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A humming patio, this one at The Original Tap & Barrel restaurant and bar in the Olympic Village–now common in a neighbourhood that was once barren.Rafal Gerszak for the Globe and Mail

A successful rebranding of the Olympic Village has turned it from a virtual ghost town into a bustling new neighbourhood and pushed condo sales far ahead of what anyone had expected by this point.

But that hasn't wiped out the financial problems for the city, which is still holding a massive loan on its books. In addition, there is still $170-million that remains unpaid on the land after the private builders agreed to put the project into receivership in November, 2010.

The receiver is about to sell the village's 119 market-rental units in a block to try to reduce the city's debt load. Revenue from sales is being partially eaten up by high expenses for deficiency repairs, receiver and legal bills, marketing costs and other outlays.

"The sales have been fantastic and our revenues have been well sustained but the market is slowing," said city manager Penny Ballem.

The city still had $462-million listed as its debt for the village at the end of 2011. Ms. Ballem said it's still too early to say whether the city will lose money .

Although there were $157-million in condo sales between November, 2010 and June, 2012, and another $8-million in rental income was banked, the city only got $114-million after expenses were paid, according to the receivers' report.

Among the expenses:

  • $13-million to repair deficiencies, including a backlog of uncompleted repairs on the books when the city took over from brothers Shahram and Peter Malek and their company Millennium Development;
  • $11-million in sales commissions and marketing costs;
  • half a million in legal costs;
  • $7.3-million to buy out the energy-monitoring system and private club that had been operated by a separate company;
  • $4.2-million for the receivers’ billings;
  • $5-million in holding costs.

The Village

The market-rental units have been advertised for sale the past few weeks and a successful bidder is expected to be announced shortly. That bidder will have to maintain the units as rentals for the 20-year covenant originally put on them, said Ms. Ballem. She said it was the decision of the receivers, Ernst & Young, to sell the units. (These units are separate from the 252 apartments the city had built as social housing that are now being rented out as a mix of subsidized and unsubsidized units.)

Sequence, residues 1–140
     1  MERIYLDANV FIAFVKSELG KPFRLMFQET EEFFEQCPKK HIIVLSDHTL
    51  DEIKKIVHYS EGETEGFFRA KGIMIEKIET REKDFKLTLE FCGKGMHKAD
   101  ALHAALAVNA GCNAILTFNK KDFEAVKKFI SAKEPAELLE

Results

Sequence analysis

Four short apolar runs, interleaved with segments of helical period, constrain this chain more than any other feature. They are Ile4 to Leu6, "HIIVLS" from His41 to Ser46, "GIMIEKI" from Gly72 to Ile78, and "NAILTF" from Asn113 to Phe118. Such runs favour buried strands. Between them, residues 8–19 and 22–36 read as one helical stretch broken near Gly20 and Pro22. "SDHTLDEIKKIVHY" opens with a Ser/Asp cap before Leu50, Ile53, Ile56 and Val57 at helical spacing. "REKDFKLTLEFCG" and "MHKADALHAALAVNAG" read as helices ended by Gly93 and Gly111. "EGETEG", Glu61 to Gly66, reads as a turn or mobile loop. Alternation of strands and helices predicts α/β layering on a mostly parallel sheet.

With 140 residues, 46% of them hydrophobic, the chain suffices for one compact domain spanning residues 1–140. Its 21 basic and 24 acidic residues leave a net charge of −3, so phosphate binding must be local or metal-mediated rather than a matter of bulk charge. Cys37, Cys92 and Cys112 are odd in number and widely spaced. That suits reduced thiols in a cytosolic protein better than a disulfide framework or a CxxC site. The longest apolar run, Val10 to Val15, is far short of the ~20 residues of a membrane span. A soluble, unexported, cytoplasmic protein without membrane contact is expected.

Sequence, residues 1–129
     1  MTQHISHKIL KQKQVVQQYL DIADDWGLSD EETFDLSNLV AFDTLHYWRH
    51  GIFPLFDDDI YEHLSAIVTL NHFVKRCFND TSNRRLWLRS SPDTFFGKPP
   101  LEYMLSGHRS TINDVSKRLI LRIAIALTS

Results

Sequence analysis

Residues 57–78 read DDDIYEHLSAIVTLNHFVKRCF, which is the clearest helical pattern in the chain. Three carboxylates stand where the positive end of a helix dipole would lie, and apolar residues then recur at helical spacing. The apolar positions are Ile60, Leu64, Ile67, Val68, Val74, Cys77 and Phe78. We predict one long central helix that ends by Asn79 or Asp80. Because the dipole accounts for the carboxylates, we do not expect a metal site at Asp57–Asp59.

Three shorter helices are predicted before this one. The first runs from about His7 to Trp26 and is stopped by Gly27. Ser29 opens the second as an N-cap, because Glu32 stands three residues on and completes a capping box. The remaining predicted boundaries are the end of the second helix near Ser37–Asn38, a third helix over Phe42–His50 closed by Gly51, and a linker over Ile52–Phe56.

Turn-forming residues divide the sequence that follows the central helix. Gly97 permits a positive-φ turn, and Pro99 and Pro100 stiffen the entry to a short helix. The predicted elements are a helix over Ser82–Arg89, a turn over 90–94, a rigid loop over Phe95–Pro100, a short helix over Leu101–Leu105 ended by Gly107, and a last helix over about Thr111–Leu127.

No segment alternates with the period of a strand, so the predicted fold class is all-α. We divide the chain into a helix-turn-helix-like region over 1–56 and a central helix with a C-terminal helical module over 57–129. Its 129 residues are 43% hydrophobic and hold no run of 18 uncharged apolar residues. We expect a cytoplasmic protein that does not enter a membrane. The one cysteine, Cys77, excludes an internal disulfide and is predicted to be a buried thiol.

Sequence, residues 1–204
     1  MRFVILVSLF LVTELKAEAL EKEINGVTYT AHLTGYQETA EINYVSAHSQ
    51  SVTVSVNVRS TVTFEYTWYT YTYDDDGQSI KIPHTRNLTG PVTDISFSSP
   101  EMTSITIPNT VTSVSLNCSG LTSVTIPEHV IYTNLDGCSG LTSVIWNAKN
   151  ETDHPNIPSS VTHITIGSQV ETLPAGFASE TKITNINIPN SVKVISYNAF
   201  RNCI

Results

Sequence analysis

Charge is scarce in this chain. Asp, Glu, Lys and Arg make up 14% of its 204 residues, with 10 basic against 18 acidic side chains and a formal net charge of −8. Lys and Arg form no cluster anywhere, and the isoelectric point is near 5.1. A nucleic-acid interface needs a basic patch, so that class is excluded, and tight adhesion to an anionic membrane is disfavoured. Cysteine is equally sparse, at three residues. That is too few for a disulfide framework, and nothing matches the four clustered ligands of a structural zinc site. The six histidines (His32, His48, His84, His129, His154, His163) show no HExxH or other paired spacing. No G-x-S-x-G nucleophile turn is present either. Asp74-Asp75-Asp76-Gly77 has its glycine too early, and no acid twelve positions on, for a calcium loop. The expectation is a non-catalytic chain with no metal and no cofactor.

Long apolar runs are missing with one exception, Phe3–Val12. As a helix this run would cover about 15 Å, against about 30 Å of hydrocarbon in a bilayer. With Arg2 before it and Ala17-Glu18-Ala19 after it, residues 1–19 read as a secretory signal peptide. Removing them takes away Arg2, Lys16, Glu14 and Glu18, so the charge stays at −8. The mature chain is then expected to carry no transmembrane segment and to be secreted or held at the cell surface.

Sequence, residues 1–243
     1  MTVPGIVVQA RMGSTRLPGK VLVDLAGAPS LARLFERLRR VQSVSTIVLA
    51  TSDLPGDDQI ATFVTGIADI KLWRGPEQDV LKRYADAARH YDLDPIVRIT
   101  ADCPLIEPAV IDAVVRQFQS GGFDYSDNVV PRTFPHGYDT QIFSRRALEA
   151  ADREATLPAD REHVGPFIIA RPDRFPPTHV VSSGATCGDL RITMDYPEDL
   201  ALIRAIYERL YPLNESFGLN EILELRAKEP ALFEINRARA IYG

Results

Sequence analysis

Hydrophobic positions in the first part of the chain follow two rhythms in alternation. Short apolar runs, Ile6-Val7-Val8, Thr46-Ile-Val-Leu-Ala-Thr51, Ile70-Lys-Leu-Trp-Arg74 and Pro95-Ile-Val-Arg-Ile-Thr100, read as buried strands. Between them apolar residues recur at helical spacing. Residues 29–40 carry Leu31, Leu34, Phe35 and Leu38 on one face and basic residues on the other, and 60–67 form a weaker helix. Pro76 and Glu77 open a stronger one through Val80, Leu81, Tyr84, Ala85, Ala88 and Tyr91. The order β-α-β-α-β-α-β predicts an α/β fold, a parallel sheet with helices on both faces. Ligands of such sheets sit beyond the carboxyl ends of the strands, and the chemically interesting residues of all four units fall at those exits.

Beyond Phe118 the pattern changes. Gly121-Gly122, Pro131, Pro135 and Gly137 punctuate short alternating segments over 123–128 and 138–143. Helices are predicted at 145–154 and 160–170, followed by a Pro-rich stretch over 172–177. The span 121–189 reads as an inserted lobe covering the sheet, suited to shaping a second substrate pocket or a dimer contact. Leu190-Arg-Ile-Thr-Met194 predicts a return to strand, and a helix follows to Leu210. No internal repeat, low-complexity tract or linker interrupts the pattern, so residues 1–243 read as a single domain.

"The purpose and benefit of the sale of the rental buildings is to generate cash to repay the loan payable to the secured lender [the City of Vancouver]," said a statement from Ernst & Young. "It is particularly advantageous to undertake such now while interest rates remain low, the rental buildings at The Village on False Creek are fully leased and there remains an active pool of potential and interested buyers."

The receiver also got permission from the court to put the project into bankruptcy, if needed, a move that it says is not being contemplated right now but "gives … the flexibility to consider the option of generating value from SEFC's operating tax losses."

Marketer Bob Rennie said there are now fewer than 200 condos left to sell at the project, out of the original 750.

A particularly welcome development for the city was that the most expensive units have been selling well. The first 30 of the 60 units in the Arthur Erickson-designed Canada House towers sold for $66-million by mid-June. Another 15 have sold since then.

To entice people back into buying after sales stalled during the recession that hit just before the Olympics, the project was rebranded in February, 2011 as The Village and units were offered at 30-per-cent below previous prices. As of August, buyers were offered another $5,000 in either cash or amenities.

As another incentive, to get commercial tenants to move in and help animate the village, the city lowered the property taxes for those parcels.